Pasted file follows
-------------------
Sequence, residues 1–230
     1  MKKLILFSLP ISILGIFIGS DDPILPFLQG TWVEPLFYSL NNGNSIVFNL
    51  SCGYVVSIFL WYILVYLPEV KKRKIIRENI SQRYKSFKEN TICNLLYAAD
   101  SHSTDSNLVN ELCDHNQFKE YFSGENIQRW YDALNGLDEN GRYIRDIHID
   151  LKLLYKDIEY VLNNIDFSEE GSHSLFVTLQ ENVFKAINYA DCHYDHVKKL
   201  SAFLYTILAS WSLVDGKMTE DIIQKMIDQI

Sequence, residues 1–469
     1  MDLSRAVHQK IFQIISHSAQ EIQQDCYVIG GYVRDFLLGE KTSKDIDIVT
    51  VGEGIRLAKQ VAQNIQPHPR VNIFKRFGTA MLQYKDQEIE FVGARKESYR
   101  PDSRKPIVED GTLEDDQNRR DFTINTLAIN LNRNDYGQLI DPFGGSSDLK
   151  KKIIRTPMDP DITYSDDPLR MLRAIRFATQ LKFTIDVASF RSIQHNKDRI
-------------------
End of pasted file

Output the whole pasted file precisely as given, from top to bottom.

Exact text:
Sequence, residues 1–230
     1  MKKLILFSLP ISILGIFIGS DDPILPFLQG TWVEPLFYSL NNGNSIVFNL
    51  SCGYVVSIFL WYILVYLPEV KKRKIIRENI SQRYKSFKEN TICNLLYAAD
   101  SHSTDSNLVN ELCDHNQFKE YFSGENIQRW YDALNGLDEN GRYIRDIHID
   151  LKLLYKDIEY VLNNIDFSEE GSHSLFVTLQ ENVFKAINYA DCHYDHVKKL
   201  SAFLYTILAS WSLVDGKMTE DIIQKMIDQI

Sequence, residues 1–469
     1  MDLSRAVHQK IFQIISHSAQ EIQQDCYVIG GYVRDFLLGE KTSKDIDIVT
    51  VGEGIRLAKQ VAQNIQPHPR VNIFKRFGTA MLQYKDQEIE FVGARKESYR
   101  PDSRKPIVED GTLEDDQNRR DFTINTLAIN LNRNDYGQLI DPFGGSSDLK
   151  KKIIRTPMDP DITYSDDPLR MLRAIRFATQ LKFTIDVASF RSIQHNKDRI